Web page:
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Chapter
3

Make the right decision for you

Now that you’ve spent some time imagining what pursuing those revenue streams might look like in your business, it’s time to make a decision. 

Use holographic thinking to guide your decision

There are three primary ways of making decisions:

  • Head: If you’re a rational decision-maker, you primarily rely on your head to make decisions. Most people who prefer this modality prioritize control. They use facts and pro and con lists to decide which option might be best. You’ll find them pursuing the “most reasonable” options.

  • Heart: Feelings-oriented decision makers rely on their hearts to guide them. They make decisions based on their emotional experience of the world, and they prioritize their body’s experience of the decision at hand. Typically, heart-focused decision makers identify as empaths, and they pursue “soul aligned” options.

  • Gut: People who lead with their intuition fall into the category of gut-based decision makers. Intuition can be sensed, felt, seen or heard —  it’s that sense of “just knowing” what's right for you. Gut-based decision makers can be impulsive and they typically love risks. You’ll find them pursuing the options that make them feel excited and engaged with life.

Every person has a go-to method of decision making. Notice which of the three options above resonates most with you. Holographic thinking is an approach that asks you to consider all three decision-making modalities, so you can make a well-rounded decision. Often, when we only use one mode to make a decision, we end up feeling pretty crappy a few months down the line. 

Start with a meditation

Listen along with Jenni with the audio recording here.

“Close your eyes if you’re comfortable, or direct your gaze toward the floor, softening your eyelids. Shrug your shoulders up to your ears, then drop them down again. Take one deep breath in through your nose and sigh it out your mouth. Wiggle your hips, then set your hands on your thighs, palms up or palms down, and come into stillness. 

I want you to imagine that you’re going to make a decision about which new revenue stream to pursue in your business. Bring that option that you listed as number 1 into your mind. First, turn to your head-centric experience of that option. Notice the facts related to it. What might the benefits be, of pursuing that option? What are the downsides? What do you worry about? 

What does your head say about this option?

Next, we’ll turn to your heart. As you think about actually building that option, how does your body feel? Do you notice any tightness, any stillness? Label the emotions that come up: Happy, excited, frustrated, scared, disappointed, doubtful. Try not to judge them, just notice the emotional experience. 

What does your heart want?

Finally, tune into your gut. Notice if a set of words comes to mind. Maybe you hear an image or a sound related to this revenue stream. Take about 10 seconds to sit in silence, just listening to yourself. Is this right for you, right now?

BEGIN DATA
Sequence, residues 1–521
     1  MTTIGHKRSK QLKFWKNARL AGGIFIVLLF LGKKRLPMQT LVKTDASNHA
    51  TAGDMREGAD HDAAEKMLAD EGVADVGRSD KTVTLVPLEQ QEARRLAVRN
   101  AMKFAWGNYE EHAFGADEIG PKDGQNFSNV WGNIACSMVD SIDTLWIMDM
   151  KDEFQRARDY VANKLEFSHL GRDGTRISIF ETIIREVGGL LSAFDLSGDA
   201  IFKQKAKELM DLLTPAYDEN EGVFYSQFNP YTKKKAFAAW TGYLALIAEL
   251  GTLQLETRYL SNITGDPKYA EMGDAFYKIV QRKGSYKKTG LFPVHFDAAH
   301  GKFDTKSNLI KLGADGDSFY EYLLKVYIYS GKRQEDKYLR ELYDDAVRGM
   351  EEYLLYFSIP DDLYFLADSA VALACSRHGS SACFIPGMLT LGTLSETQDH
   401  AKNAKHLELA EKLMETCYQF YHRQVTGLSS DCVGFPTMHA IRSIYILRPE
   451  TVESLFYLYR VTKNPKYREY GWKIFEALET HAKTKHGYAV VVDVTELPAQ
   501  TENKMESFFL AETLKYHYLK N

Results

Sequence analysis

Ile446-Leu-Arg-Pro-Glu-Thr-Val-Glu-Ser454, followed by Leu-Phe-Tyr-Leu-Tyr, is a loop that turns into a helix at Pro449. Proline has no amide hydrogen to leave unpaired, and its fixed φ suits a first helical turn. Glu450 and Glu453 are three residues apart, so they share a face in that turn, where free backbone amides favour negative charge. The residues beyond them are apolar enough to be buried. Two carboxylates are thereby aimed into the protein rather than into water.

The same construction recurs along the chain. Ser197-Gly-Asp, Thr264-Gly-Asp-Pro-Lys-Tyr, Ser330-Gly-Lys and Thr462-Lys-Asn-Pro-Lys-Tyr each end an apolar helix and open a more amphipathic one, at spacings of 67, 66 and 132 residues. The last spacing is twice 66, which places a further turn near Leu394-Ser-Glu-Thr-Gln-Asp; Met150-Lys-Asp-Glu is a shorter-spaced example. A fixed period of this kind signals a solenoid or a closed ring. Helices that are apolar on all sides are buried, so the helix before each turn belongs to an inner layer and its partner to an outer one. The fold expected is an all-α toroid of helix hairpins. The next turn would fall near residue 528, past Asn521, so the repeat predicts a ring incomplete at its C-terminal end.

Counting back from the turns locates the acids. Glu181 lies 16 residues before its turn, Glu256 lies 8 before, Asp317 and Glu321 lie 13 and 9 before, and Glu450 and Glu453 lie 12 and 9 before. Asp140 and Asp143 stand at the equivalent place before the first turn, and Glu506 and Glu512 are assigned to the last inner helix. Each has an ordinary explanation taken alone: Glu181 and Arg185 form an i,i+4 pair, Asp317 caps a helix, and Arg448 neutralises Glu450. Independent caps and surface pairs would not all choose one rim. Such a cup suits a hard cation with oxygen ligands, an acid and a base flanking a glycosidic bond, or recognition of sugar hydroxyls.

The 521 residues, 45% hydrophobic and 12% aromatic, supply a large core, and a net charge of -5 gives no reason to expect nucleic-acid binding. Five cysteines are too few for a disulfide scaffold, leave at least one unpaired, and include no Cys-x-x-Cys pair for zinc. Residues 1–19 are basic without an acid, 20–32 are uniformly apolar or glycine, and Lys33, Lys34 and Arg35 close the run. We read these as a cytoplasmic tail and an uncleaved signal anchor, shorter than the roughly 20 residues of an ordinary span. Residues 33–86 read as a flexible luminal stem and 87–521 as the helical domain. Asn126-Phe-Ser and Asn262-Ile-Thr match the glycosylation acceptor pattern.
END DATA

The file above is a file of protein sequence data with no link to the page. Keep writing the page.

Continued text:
What does your intuition say?

Eventually, come back into the present moment on your own time, wiggling your fingers and flexing your toes. Start to blink your eyes open.”

Use your head, heart, and gut to reflect on your next steps

Write down any insights you took from that meditation. Now take a look back at your list of revenue stream options. Have your priorities changed since you listed these options initially? What does that mean for you and your business?

Next to your primary mode of decision making, list the other two modes and write one action you could take to get in touch with each option. If you’re really feelings-oriented, you might want to make a pro and con list (head) and spend a few minutes in meditation to assess your reaction to the question at hand (gut).

For example, Janette is a rational (head-focused) decision-maker. She’s pretty sure that coaching is the best option for her because she’s done a bit of research, and it seems to be the most financially lucrative path. Sometimes this rational mode gets her in trouble. A new project can seem like a “smart way to go,” but then, after a few weeks, she starts to feel physical dread every time she starts working on it. If I was coaching Janette, I’d also ask her to check in with her feelings (heart) and her gut. If she uses both other modalities, will she make a different decision? 

Janette realized that she was ignoring her feelings entirely. She actually didn’t want to be on calls all day, which meant that coaching might not be right for her. Instead, the e-book turned out to be the most appealing option. It was a long-term project that she could work on whenever she felt inspired, and it didn’t require any calls. People could buy it at any time. She’d still be helping people, but she wouldn’t have to be “on” all the time.

Before you jump into the next step, make a well-rounded decision about which of these revenue streams makes the most sense for you to implement in your business right now.

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